Ask A Cabaret Question at McElrath Cabaret–A Reader’s Question–Join The Conversation!


Welcome to McElrath Cabaret–We hope you enjoy our cabaret blog!



Here is British chanteuse Barb Jungr, with a beautiful rendition of a song from her recent Bob Dylan cabaret show entitled “If Not For You”–enjoy!


Hello everyone, and happy 49th anniversary of Hello, Dolly! opening on Broadway today!  It’s been a crazy couple of days here.  My computer died, and we’ve spent a great deal of time running to a computer store, getting my hard drive cloned, and finally having to buy a new computer, but all is well and back together now!  Because of all this, we missed our regular Cabaret Tip Tuesday post yesterday, but we will be back with a tip for you next Tuesday.


Today’s cabaret question comes from a reader on the LinkedIn Cabaret group (–have you joined yet?  You should, and there’s a link at the bottom of this post!), and this person asked us:


 I was curious about how to book my show with venues who have not heard of me?


This is a great question, and here is my response:


 It would depend a bit on where you are in your cabaret career. If you have a big name and following in your area, just visit the club and give them your press kit and any recordings, and find out if they’d like to book you. If you’re starting out, we’ve had luck by going to a venue when they have a piano bar or open mic, and then getting up to sing. Ideally, you can time this so the booker of the room is present to hear you–you’ll have to do a little homework to find out who the booker is. If the audience likes you and the booker sees this, it will help you to get in. Unfortunately, we’ve also been in situations where new entertainers are allowed into showcase performances based on their ability to pay for associated lessons, etc. If you have the money, this is another way to get your foot in the door, however. You might also try to open up a new venue to offering cabaret–this is not so easy, but sometimes possible with a restaurant, a lounge, a hotel, perhaps a museum, library, theatre or another public venue ideally where food and drink are served, and another way to get your show in the venue. If you have money, you could consider renting a recital hall at a piano store, and having someone cater it for you, and then you charge tickets for your event, but you need a budget for something like this. You’d look for places that have the appropriate licensing (ASCAP and BMI are the 2 big ones) if you are performing copyrighted materials, and that have an audience you think you can work with to entertain them, even though they may not be familiar at the outset with cabaret entertainment. We have done this approach as well. Also, do what you can in advance to build your following. Anymore, a lot of venues expect you to bring your own audience in for them before they will consider booking you, and this is a big issue if you are just starting out. My best advice is to work some private events and build your email list from this. You can decide to work for pay and name your price, or you might consider being part of a benefit show, where you might not be paid cash but you would get good exposure–that can be just as worthwhile, and helps a good cause. It doesn’t happen overnight usually, but if you keep at it, you will get in where you’d like to play, so good luck and let us know how it goes for you!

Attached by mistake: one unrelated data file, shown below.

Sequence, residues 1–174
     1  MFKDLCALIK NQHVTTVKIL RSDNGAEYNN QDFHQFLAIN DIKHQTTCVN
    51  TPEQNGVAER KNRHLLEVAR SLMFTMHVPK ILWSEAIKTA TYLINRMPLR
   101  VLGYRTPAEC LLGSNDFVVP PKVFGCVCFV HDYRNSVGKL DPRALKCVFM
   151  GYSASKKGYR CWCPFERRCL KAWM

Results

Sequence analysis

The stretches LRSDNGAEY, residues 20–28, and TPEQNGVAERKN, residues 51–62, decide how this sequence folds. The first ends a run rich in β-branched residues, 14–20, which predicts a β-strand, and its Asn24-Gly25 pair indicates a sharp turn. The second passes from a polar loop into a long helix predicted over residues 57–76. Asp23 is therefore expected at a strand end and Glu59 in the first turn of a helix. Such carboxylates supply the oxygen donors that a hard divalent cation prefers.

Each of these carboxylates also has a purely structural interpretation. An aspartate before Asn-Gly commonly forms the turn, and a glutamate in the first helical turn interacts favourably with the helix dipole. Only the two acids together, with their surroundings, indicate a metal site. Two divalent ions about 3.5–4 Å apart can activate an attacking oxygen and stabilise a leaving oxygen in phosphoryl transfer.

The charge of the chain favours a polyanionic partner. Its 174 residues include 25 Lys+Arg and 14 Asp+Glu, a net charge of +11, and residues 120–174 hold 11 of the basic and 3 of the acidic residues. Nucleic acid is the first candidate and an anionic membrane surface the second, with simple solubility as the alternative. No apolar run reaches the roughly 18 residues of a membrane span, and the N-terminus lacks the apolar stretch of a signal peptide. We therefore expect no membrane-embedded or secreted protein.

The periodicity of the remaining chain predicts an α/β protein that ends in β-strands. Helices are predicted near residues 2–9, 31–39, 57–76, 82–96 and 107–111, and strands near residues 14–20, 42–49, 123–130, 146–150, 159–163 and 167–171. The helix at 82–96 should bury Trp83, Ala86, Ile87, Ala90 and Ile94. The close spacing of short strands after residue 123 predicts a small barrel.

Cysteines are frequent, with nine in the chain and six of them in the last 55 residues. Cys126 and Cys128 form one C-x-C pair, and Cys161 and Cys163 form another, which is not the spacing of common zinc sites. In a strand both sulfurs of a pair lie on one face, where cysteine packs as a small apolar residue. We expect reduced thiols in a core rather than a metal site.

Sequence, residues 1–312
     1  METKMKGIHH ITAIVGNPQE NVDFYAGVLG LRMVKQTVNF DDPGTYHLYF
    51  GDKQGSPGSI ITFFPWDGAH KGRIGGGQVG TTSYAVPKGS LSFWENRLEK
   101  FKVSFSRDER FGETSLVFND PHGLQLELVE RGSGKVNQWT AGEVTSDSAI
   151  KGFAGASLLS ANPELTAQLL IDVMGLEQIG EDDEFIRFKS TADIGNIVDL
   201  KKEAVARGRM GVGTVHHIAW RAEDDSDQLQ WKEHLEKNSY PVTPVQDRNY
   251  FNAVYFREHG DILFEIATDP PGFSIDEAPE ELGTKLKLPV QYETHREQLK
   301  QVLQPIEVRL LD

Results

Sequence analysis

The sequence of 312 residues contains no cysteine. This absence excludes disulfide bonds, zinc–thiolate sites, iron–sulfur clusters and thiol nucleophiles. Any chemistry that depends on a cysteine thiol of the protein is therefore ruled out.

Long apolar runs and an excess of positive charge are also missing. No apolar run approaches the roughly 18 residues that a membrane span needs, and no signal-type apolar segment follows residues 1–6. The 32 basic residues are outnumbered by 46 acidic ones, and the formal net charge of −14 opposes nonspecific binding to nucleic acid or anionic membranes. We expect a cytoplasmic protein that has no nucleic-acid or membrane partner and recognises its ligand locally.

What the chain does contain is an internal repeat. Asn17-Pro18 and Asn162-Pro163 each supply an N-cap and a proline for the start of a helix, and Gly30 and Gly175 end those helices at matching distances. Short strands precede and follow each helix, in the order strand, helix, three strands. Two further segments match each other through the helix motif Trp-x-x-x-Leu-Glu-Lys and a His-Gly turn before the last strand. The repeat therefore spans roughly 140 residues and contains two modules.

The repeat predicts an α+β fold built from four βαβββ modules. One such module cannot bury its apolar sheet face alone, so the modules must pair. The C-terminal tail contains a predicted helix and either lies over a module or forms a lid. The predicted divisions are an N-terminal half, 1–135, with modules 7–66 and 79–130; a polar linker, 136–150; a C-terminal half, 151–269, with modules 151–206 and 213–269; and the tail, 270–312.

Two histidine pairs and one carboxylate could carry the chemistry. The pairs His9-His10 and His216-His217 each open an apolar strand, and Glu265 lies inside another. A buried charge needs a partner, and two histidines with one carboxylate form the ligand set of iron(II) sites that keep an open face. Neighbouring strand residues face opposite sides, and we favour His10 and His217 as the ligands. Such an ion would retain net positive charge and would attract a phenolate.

So how about you?   Do you have a tip to share about booking your cabaret show at a venue that has not heard you before?  Let us know down in the comments!


You can also leave a comment on LinkedInGoogle+Facebook or Twitter.  And you can always feel free to drop us a line, either in the comments below or send us a direct email, and let us know a cabaret question that you would like us to ask, and we’ll do our best to include it in an upcoming Wednesday post.  


I truly look forward to your joining the conversation with your comments! We value each of our readers very much, and hope to entertain you and give you a place to come and learn more about cabaret.


If you like this post, you can Like us on FacebookFollow us on Twitter, and subscribe to our blog via email or RSS–thank you!  


We are now also on LinkedIn–which has a Cabaret group you should join (!)–and Google+.  You can connect with us there as well.


We appreciate your support!

Till next time, 

Weekly Post Lineup At McElrath Cabaret:

Tuesdays:  Cabaret Tip Tuesday

Wednesdays:  Ask A Cabaret Question

Fridays:  Cabaret Through Time

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About Athena at McElrath Cabaret

Athena McElrath is an entertainer with a love for theatre and singing. She enjoys delving in the area of historical cabaret, researching the singers and clubs that were in business from before 1920 to the present, in New York and beyond.
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